Jim Harold 31:29
Oh, that's, that's really interesting.

Katherine Chiljan 31:33
And just a real fascinating coincidence is that the Earl of Oxford was a champion at the joust. The instrument that he used, they called it a long spear. So I mean, he was a spear shaker for sure.

Cassandra Harold 31:51
Now, I know earlier, you had brought up the figure of the Dark Lady, you know, the one who's kind of traipsing through the sonnets. So I was wondering if you wanted to go a little bit more in depth about who you think the fair lady is? Or for that matter who the who the fine youth may be? Or fair youth may be.

Katherine Chiljan 32:07
Yes, yes. Yeah. The great author in several sonnets, explains talks about his obsession, his deep love, and someone call it obsession of the Dark Lady. And he describes her with dark hair and eyes. And he also in one of the sonnets, implies that their love is not treasonous, but adulterous, right? So it was somebody that he was having an affair with, that he was married or she was married, or they were both married. And I think it was sonnet 152. And the Earl of Oxford, was obsessed with a dark lady. And her name was Anne Vavasour. And she is the one that he he had child some say even, that he she got pregnant and then lost the child and then got pregnant again and had the child who who, you know, he lived to adulthood, of course, and he called him Edward. So his he was named Edward de Vere, he had no problem giving his name to this bastard child. And of course, that was the cause of the Queen throwing him into the tower. So it is reflective of Measure for Measure where a man is thrown into prison for getting someone impregnated, even though he intends to marry her. So you know that that's reflective right there. And it's, it just goes on and on and on. And the fair youth, I would say most people believe, was the Earl of Southampton, Henry Rosalie, the third Earl of Southampton, and he greatly greatly loves this, this man. He never mentions him by name in the sonnets. But he deeply loved him and it's not in a sexual way. It's really more in a fatherly way. You can read it that way. But he, he considered him his angel even uses that. And then the Dark Lady was kind of his devil. So yeah, about 75% of the sonnets were about the fair youth. And he was definitely an, a, he describes him as aristocratic, even regal in some cases, and it is believed by some of us, including me, that this was actually the Earl of Oxford Street. And there is some reference post possibility that it was his child by Queen Elizabeth. But, you know, that's speculative. Of course, you can't prove it, you know, these people's sex lives were. But the more you get into the role of Oxford's life and you know, then you can read the sonnets. And really, it fills in a lot of the blanks.

Jim Harold 35:26
Now, when we spoke in 2014, you had mentioned that you felt that that this kind of line of thought had been progressing. Internet was a big part of it, as the Internet has become more and more popular, and even more so since 2014. Believe it or not, where do you think we are in terms of turning around the narrative? And where do you think we're going? Do you think, eventually, the conventional wisdom will be turned on its head?

Katherine Chiljan 35:57
You know, I honestly, I can't I don't know. But yes, the internet is definitely helping. I think we're getting some more people interested in doing research. Keep in mind that like card carrying Oxfordians, there's not a lot of us. And even a smaller amount people doing research, but I think that the internet is making people question and kind of delve on their own. I think that, you know, it's hard to judge how how, how much we've penetrated. That's the reason why I do podcasts like yours, because I want to get the word out. Sure. You know, you know, the great author was a victim of a hoax. And you know, we need to tell the world about it. So they, those who love and admire the works, can understand him better when they have a biography to work with. Right now we have zero biography of the Stratford man. So that's literary. So yeah, I honestly, I can't tell you when, or how I think that it would all turn over if we found a play manuscript in Shakespeare's handwriting, we don't have anything, we don't even have a scrap of a play. If we found it. I think it would be game over. And then because we have the letters of the Earl of Oxford, I actually held one in my hands when I was at the Huntington Library.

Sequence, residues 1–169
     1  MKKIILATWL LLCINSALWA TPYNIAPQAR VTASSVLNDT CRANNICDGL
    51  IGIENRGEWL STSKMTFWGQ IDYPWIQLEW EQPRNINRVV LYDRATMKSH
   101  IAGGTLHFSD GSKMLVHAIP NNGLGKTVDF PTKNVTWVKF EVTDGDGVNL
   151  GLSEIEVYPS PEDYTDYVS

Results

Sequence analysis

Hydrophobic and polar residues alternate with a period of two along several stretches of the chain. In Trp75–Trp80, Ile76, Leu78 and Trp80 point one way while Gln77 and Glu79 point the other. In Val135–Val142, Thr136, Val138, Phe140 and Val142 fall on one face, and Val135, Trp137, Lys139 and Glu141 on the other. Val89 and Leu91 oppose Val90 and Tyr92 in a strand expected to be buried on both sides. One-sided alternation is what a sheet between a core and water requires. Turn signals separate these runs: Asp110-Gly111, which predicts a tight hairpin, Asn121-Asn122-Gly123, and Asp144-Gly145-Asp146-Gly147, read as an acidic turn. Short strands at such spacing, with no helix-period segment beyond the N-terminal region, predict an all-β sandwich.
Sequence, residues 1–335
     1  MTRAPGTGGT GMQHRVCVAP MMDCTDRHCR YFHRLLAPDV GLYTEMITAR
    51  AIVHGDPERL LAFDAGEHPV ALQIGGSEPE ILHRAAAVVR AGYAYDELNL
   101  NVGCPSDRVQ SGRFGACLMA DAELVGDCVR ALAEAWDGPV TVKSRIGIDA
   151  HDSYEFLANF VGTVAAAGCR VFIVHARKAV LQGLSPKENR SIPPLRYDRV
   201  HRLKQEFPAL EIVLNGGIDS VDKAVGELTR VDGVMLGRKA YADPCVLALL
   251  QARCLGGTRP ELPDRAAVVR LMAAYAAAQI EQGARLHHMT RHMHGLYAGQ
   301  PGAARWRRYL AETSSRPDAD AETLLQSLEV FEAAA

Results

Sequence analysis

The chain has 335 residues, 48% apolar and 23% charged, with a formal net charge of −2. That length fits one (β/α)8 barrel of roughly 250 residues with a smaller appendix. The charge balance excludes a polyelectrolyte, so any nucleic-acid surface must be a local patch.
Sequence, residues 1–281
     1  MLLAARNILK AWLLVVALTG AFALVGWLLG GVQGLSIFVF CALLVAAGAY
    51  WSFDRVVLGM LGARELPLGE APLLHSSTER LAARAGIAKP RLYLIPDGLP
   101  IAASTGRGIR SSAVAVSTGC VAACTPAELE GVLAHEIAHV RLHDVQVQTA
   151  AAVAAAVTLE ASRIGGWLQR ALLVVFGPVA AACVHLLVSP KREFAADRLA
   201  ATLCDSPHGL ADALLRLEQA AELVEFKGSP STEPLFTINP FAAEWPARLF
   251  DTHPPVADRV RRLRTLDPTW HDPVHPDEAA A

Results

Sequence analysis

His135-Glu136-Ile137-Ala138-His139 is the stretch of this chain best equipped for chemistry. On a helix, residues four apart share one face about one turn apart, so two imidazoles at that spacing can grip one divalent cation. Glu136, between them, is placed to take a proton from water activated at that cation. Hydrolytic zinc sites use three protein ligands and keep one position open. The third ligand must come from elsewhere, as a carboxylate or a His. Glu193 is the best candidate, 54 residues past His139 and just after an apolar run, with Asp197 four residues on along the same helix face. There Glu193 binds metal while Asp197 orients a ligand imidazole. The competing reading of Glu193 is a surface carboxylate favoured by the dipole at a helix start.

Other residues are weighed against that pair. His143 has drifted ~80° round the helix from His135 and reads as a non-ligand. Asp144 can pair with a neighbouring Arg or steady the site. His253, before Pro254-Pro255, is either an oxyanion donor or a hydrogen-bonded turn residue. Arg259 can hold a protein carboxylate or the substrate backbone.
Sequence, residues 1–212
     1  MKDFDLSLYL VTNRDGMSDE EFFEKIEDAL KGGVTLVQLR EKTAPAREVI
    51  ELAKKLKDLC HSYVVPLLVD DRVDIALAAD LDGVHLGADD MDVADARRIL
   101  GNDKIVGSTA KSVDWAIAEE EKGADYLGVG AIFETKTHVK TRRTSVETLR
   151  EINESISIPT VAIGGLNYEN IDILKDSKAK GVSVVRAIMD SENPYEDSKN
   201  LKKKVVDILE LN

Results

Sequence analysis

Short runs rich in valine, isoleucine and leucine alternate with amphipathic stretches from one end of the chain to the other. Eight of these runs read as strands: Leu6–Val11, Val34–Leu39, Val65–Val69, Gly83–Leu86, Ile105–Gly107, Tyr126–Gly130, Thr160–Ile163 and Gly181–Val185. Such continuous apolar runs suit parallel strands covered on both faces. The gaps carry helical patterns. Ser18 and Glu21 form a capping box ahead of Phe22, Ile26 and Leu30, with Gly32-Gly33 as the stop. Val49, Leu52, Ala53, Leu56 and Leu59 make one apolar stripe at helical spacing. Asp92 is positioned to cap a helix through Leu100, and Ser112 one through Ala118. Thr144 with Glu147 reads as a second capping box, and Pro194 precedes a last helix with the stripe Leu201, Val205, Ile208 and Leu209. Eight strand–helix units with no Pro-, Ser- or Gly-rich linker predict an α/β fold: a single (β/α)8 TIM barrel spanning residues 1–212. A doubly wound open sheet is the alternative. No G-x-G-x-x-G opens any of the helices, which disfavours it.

Jim Harold 37:32
Do you think that do you think that manuscript is out there somewhere?

Katherine Chiljan 37:36
I do. I maybe I'm being overly optimistic. But the thing is the fact that all the place, and not one page of manuscript has survived, to me that tells me they weren't, you know, gathered up and put somewhere. And who knows where it is, but maybe one day it will be uncovered. Maybe it will.

Jim Harold 37:55
It'll be interesting. Yeah. Well, wouldn't it be interesting if the royal family knows the truth?

Cassandra Harold 38:02
well, I also know there's a problem, because the way that they were likely written was, you know, you just give each actor their part. So it wasn't, you know, like the entire thing put together as each person would have their lines.

Katherine Chiljan 38:15
Right. Right. And the role of Oxford employed many secretaries. So they may have, you know, written out parts. I don't know if he gave directly to the public theaters, I think that the acting companies had these copies, and they may have printed some of the plays while the great author was alive, but I don't think he wanted his works to be printed during his lifetime. You know, because for the reasons I mentioned before, it would have been, it would be like you're trying to make money. And nobility are not trying, supposed to make money. They're supposed to be above that, you know, they're not working class. But I think that after his death, I think he fully expected at some point that he's he would it would be revealed who he was, but that never happened, unfortunately.

Jim Harold 39:03
Well, maybe that maybe that will change it. Katherine, You've obviously done fascinating work here. And it's been a great pleasure to speak with you about this. Again, if folks want to find out more, whether it's your book or some of the things on YouTube, you've done or the Oxford fellowship, how can people connect to all of that?

Katherine Chiljan 39:27
Yeah, a couple good websites are the S Go there. And you can, you know, read about authorship 101. And there's also a great website called And you can read the declaration of reasonable doubt that was made up about 10 years ago or so. And you can sign a petition saying yes, there is reason to doubt. And you can see all the other people, some very prominent people who have signed petition. Those are two sites. My personal site is And you can read the introduction to my book. And you can purchase it through through,, you can contact me and you can purchase it privately or you can buy it on

Jim Harold 40:19
Well, it's been a privilege to speak with you again. Thank you for your time today, Katherine Chiljan and again, a great mystery. Who was Shakespeare? Thank you again, Katherine.

Katherine Chiljan 40:32
It was my pleasure. Thank you, Jim and Cassandra.

Jim Harold 40:35
And thank you for tuning into the show. Cassandra, thank you for adding in some insight that I would not have had on this subject. So thank you for being a part of it.

Cassandra Harold 40:43
Thanks for having me. It was so much fun

Jim Harold 40:45
And we thank you for listening and please keep exploring those mysteries. Have a great week, everybody. Bye bye.